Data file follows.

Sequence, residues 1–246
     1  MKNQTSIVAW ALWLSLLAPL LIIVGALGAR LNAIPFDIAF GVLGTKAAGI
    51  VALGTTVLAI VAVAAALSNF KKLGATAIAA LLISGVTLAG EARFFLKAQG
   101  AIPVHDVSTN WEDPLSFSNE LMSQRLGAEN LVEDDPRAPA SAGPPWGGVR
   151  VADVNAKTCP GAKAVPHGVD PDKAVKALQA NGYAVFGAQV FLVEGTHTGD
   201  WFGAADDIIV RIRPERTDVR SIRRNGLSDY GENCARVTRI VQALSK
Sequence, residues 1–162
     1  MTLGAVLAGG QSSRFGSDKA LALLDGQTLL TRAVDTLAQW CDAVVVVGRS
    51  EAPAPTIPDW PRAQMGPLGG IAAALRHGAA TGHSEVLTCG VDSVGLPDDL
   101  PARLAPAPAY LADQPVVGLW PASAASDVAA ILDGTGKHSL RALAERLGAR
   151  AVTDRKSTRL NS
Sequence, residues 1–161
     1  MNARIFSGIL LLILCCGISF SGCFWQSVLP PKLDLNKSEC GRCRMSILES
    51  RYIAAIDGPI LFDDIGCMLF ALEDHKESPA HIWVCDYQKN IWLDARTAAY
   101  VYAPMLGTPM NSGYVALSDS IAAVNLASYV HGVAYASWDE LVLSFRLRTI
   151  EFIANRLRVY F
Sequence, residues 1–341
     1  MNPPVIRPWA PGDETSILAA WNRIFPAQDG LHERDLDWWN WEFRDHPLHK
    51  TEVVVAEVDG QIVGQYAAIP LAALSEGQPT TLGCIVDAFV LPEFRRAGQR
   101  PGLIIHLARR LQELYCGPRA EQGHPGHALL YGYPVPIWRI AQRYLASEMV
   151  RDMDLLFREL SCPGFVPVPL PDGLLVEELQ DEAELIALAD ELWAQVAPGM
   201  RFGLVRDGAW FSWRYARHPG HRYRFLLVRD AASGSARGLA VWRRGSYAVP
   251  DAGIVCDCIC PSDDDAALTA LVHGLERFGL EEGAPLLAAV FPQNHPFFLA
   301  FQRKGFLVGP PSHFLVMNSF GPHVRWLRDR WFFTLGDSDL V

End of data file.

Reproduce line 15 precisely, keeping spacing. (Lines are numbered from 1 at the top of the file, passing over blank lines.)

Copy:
   101  VYAPMLGTPM NSGYVALSDS IAAVNLASYV HGVAYASWDE LVLSFRLRTI